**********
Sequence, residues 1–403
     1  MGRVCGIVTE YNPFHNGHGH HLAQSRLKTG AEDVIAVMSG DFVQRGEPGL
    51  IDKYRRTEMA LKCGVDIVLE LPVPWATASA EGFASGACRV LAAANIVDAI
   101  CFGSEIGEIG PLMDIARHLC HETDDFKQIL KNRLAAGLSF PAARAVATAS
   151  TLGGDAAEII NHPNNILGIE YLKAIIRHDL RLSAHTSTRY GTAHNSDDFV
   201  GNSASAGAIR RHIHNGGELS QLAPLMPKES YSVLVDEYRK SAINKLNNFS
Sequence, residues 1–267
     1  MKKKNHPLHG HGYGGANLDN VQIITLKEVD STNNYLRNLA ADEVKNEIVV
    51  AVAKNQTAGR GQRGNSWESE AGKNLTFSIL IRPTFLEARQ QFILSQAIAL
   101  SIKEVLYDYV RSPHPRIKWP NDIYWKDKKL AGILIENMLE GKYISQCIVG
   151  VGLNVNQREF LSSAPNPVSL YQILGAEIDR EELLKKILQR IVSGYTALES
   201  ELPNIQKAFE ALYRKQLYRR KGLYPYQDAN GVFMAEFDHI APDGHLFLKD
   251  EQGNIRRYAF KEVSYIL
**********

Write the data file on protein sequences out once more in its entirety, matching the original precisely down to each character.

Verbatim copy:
Sequence, residues 1–403
     1  MGRVCGIVTE YNPFHNGHGH HLAQSRLKTG AEDVIAVMSG DFVQRGEPGL
    51  IDKYRRTEMA LKCGVDIVLE LPVPWATASA EGFASGACRV LAAANIVDAI
   101  CFGSEIGEIG PLMDIARHLC HETDDFKQIL KNRLAAGLSF PAARAVATAS
   151  TLGGDAAEII NHPNNILGIE YLKAIIRHDL RLSAHTSTRY GTAHNSDDFV
   201  GNSASAGAIR RHIHNGGELS QLAPLMPKES YSVLVDEYRK SAINKLNNFS
Sequence, residues 1–267
     1  MKKKNHPLHG HGYGGANLDN VQIITLKEVD STNNYLRNLA ADEVKNEIVV
    51  AVAKNQTAGR GQRGNSWESE AGKNLTFSIL IRPTFLEARQ QFILSQAIAL
   101  SIKEVLYDYV RSPHPRIKWP NDIYWKDKKL AGILIENMLE GKYISQCIVG
   151  VGLNVNQREF LSSAPNPVSL YQILGAEIDR EELLKKILQR IVSGYTALES
   201  ELPNIQKAFE ALYRKQLYRR KGLYPYQDAN GVFMAEFDHI APDGHLFLKD
   251  EQGNIRRYAF KEVSYIL